Copper or PEX for Water Supply Pipes - MAK Design + Build (2023)

The Big Trade-Off – Copper Plumbing vs. PEX Piping for Your Home Remodel

Copper or PEX for Water Supply Pipes - MAK Design + Build (1)

A proven material, with a long lifespan, copper has always been the first choice for homebuilders and remodelers. However, as this natural resource becomes increasingly expensive, copper plumbing for water supply pipes can significantly impact your plumbing costs by more than 25%.

The alternative to copper (and PVC) is PEX pipe – a flexible, extruded piping material made from cross-linked polyethylene. Both copper and PEX have their advantages, considerations, and caveats – outside of cost alone.

(Video) Don’t make this mistake on your next PEX install

We always take a “big picture” approach when selecting materials for your home remodeling project, including ecological impact, sourcing, sustainability, and long-term health concerns. For instance, how does water quality, like high acidity or mineral content, affect these materials? Will lead from soldered joints leach into the water? How do these materials biodegrade? Do they “off gas?” Are they recyclable?

Keep in mind, there are always trade-offs – and cost is only one consideration. So, if you’re thinking about a home remodeling project, and have concerns about either of these commonly used materials, let’s define the differences, starting with copper – a proven material with fewer unknowns.

Copper Advantages

  • Proven material with history and fewer “unknowns.”
  • Long lifespan; if installed properly, copper plumbing will last 40 – 60 years.

Copper Disadvantages

  • Expensive.
  • Reactive to other metals.
  • Susceptible to breakage in freezing temps.
  • Noisy.
  • Inflexible; requires numerous couplings which may leak over time.
  • Susceptible to abrading at mounting points and through joists.
  • Uses lead solder which may leach over time.

Given copper’s seemingly limited advantages, let’s look at its lower-cost alternative – PEX.

(Video) Is Copper Better Than PEX? (COMPLETE GUIDE) | GOT2LEARN

PEX Advantages

  • Durable and flexible.
  • Less expensive than copper by 25%.
  • Resistant to corrosive water e.g. high acidity “city” water, or mineral heavy water, and electrolysis.
  • Resistant to freeze-breakage.
  • Easier to install; requires fewer fittings.
  • Safer to install; no flame or soldering fumes.
  • Can be installed in long runs without coupling fittings. Fewer fittings mean fewer failure points.
  • Water flows quietly – eliminates “water hammer” noise associated with copper piping.
  • Manifolds installed at water source reduces pressure loss across branches.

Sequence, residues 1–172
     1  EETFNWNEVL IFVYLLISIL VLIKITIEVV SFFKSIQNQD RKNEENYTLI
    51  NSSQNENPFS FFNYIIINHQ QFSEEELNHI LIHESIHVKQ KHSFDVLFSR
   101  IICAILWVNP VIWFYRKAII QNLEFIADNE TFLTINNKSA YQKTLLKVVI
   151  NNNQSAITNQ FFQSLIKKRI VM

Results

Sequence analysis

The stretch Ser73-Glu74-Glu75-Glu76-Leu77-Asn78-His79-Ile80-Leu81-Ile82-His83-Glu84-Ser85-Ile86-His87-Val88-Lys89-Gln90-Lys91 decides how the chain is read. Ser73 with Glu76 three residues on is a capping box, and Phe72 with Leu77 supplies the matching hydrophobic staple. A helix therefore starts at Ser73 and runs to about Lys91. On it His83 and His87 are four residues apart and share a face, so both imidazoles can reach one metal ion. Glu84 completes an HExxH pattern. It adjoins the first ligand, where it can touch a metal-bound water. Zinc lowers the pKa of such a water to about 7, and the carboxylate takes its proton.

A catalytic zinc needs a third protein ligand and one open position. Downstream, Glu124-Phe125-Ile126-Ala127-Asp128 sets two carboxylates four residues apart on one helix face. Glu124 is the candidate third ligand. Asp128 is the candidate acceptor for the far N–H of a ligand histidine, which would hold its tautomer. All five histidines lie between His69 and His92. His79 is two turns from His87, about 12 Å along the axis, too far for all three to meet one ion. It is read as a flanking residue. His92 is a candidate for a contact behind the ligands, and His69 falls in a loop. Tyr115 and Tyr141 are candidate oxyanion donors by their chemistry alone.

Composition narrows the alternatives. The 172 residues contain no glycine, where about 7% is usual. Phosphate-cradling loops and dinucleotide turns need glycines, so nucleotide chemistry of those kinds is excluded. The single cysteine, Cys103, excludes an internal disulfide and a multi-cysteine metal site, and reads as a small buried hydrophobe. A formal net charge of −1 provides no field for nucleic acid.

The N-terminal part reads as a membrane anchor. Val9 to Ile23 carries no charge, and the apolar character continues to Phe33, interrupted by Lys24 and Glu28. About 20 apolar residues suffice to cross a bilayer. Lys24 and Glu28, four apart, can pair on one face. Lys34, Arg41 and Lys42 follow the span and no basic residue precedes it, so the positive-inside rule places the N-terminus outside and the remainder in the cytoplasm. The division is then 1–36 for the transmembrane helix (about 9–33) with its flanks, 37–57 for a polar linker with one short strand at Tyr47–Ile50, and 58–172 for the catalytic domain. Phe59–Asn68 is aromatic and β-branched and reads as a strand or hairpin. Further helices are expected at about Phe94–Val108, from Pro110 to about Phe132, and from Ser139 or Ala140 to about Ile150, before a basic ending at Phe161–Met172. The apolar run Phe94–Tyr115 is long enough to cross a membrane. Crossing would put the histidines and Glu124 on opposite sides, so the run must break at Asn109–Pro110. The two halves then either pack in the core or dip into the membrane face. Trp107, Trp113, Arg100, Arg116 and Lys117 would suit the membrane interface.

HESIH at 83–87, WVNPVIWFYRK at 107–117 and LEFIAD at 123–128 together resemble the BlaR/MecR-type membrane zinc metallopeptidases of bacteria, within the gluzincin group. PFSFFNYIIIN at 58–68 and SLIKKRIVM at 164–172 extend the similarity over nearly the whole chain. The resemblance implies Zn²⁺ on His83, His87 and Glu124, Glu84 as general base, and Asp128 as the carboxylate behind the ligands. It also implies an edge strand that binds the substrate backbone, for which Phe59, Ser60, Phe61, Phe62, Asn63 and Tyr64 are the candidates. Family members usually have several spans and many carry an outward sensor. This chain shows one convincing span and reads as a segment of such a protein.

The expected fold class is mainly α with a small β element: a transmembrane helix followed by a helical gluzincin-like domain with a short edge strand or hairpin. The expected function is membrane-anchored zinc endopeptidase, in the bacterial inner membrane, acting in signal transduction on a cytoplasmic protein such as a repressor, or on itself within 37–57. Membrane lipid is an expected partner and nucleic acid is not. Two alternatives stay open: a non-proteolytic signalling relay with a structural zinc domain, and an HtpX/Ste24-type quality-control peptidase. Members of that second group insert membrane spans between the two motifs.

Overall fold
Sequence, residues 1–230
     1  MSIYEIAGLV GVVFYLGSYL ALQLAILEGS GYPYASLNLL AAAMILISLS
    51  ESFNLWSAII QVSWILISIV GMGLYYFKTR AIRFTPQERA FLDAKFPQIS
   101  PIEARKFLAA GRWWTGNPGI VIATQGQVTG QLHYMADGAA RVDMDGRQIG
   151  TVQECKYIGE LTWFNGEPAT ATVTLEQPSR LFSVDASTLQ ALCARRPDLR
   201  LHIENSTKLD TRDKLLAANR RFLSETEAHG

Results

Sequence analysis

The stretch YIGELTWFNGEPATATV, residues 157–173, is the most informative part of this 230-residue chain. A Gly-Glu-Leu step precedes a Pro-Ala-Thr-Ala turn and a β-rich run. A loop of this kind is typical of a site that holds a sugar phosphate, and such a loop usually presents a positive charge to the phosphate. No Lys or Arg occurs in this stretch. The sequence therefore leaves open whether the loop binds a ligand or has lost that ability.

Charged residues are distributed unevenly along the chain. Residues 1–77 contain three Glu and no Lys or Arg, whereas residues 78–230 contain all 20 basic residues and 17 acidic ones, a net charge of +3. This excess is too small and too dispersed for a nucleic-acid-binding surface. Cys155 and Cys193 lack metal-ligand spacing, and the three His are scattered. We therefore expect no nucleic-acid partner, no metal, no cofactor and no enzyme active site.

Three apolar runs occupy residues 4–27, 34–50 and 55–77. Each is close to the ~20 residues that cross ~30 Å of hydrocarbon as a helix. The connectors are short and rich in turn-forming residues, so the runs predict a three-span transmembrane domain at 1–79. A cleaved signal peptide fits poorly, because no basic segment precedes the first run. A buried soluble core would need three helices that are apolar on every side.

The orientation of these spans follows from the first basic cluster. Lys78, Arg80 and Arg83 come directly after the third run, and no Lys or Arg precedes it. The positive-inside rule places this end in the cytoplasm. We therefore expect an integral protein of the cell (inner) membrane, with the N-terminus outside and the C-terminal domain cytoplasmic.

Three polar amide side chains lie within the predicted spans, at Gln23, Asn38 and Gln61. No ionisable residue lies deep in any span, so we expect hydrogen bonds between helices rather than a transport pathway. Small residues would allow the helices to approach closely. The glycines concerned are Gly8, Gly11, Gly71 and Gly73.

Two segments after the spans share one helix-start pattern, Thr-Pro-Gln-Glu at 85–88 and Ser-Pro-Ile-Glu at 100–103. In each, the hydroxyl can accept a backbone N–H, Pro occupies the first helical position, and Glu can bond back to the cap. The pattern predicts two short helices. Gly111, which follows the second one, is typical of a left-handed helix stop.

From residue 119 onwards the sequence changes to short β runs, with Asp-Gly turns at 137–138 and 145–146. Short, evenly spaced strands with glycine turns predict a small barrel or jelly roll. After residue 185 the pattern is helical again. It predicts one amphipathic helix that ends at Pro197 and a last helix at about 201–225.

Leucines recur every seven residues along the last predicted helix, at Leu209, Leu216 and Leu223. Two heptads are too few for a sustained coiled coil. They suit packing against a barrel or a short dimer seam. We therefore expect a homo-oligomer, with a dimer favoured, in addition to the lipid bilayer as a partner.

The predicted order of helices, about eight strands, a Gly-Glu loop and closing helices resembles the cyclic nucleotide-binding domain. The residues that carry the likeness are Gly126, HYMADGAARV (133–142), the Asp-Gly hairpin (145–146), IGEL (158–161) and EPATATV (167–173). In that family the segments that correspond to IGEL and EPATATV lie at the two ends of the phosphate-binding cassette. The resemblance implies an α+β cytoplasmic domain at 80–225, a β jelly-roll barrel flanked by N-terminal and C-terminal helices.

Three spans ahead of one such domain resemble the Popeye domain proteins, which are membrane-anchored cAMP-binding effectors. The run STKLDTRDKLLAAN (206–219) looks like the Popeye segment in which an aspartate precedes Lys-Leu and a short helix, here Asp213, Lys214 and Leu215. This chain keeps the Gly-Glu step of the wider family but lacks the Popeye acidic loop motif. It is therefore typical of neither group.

PEX Disadvantages

  • Susceptible to rodent, pest, and UV damage.
  • Prone to abrading, must be securely attached to prevent excessive movement during water flow.
  • May impart odors or chemical taste.
  • Long-term health concerns are unknown.
Copper or PEX for Water Supply Pipes - MAK Design + Build (2)

PEX is tested rigorously before it can be certified to comply with plumbing codes including requirements that piping meets certain standards set by the global standards organization ASTM International.

Within the ASTM standards are yet more standards set by NSF International, an independent, non-governmental public health and safety organization that creates specifications for pipes made to carry drinking water.

Additionally, as part of its Leadership in Energy and Environmental Design (LEED) rating system, the U.S. Green Building Council offers design credit for PEX piping, since PEX avoids some of copper’s other flaws, too — including the potential for corrosion and related health risks, such as liver damage and kidney disease.” –Emily Sohn for The Green Building Advisor.

(Video) PEX vs COPPER for Plumbing - Which Should You Use and Why?

Regardless of which water supply piping you decide upon, MAK Design+Build only works with plumbers certified by the product’s manufacturer, and we’ll help you determine if copper or PEX is the right water supply piping for your remodeling project.

Need more information? Or, are you ready to get started on your bathroom remodel, kitchen remodel, or whole home remodeling project? Give us a call today to discuss your vision. 530-750-2209.

(Video) How to Choose Water Supply Piping | This Old House
(Video) PEX vs COPPER vs CPVC plumbing pipes

FAQs

Which is better for water lines copper or PEX? ›